Governor didn’t know when to fold ’em

'Bad Bet on the Bayou'

by Tyler Bridges

Farrar, Straus and Giroux, $27.50

Louisiana has always been one of our most colorful states. In "Bad Bet on the Bayou," author Tyler Bridges tells the story of the rise of gambling in Louisiana in the 1990s under the free-wheeling guidance of Edwin Edwards, the state's four-term charismatic governor.

Edwards' subsequent entanglement with organized crime, improper payoffs and public corruption ultimately led to his downfall and conviction. It's a story that could teach many lessons, but not with this disappointing effort.

Edwards, having narrowly obtained legislative approval for a land-based casino, several riverboat casinos and video-poker machines, orchestrated the licensing and leasing process, obtaining huge (and hugely improper) cash payments for himself along the way.

He once stuffed $400,000 into a money vest he wore to avoid detection at an airport. But the FBI snared him with a series of wiretaps and informers with tape recorders.

Edwards himself leads an imposing cast of rakish characters. So confident of winning reelection in 1983, he opined that he couldn't lose unless he was caught "in bed with a dead girl or a live boy."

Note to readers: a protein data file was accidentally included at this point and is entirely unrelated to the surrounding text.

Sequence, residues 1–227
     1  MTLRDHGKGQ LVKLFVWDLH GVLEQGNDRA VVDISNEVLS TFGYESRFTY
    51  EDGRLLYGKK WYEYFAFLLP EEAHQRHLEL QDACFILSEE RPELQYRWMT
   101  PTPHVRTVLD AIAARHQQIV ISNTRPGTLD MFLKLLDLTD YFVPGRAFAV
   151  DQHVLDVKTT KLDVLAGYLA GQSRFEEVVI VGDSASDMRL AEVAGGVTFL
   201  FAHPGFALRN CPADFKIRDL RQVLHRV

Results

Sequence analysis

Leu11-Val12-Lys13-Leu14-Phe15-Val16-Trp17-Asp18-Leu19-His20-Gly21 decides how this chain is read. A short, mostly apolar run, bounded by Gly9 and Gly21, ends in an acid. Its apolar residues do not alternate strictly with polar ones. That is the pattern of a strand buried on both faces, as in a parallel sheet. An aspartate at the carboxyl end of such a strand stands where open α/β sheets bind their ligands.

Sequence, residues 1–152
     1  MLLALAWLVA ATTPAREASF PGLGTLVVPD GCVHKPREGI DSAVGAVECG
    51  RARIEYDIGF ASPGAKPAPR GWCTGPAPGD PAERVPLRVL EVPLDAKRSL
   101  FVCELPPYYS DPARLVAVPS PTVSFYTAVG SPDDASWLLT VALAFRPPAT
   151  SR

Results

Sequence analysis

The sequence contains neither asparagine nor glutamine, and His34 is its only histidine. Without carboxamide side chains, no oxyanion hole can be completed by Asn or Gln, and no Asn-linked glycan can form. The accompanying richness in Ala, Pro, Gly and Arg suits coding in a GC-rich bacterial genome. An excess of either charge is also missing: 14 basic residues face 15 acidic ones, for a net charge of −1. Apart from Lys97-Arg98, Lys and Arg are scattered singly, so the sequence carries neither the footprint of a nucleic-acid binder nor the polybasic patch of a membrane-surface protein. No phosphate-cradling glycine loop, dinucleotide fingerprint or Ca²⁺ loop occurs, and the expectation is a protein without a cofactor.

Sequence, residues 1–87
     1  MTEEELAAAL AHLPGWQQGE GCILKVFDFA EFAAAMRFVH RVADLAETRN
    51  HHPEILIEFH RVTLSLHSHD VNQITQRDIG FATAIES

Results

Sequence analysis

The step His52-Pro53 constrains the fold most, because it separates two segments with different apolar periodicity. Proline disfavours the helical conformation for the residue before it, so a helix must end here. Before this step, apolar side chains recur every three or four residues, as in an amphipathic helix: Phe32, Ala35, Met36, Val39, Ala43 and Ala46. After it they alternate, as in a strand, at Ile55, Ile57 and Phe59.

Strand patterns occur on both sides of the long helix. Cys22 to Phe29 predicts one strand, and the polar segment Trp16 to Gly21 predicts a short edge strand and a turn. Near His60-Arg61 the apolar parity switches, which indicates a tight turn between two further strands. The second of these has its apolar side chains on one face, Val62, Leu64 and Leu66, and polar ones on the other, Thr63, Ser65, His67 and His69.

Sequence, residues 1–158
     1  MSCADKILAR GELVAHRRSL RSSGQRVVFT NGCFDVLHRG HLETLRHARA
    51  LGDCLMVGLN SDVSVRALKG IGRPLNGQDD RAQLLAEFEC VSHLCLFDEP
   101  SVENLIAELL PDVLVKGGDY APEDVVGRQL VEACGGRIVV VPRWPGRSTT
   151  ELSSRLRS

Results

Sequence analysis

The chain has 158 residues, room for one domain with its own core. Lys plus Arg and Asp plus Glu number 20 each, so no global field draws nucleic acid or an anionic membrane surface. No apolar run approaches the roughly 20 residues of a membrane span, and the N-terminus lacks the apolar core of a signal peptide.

But Edwards is only the start. Aging organized-crime figures fumble over money-management problems, high-flying developers offer pyramid-scheme financing to build outsized casinos, and FBI agents wiretap phones. It's a great story. Unfortunately, Bridges fails to live up to its potential. The author, a reporter for The Times-Picayune, offers little more than a nod to historical context, introduces dozens of characters with every turn of the page, often out of chronological sequence, and draws few lessons from the tale.

Comments are closed.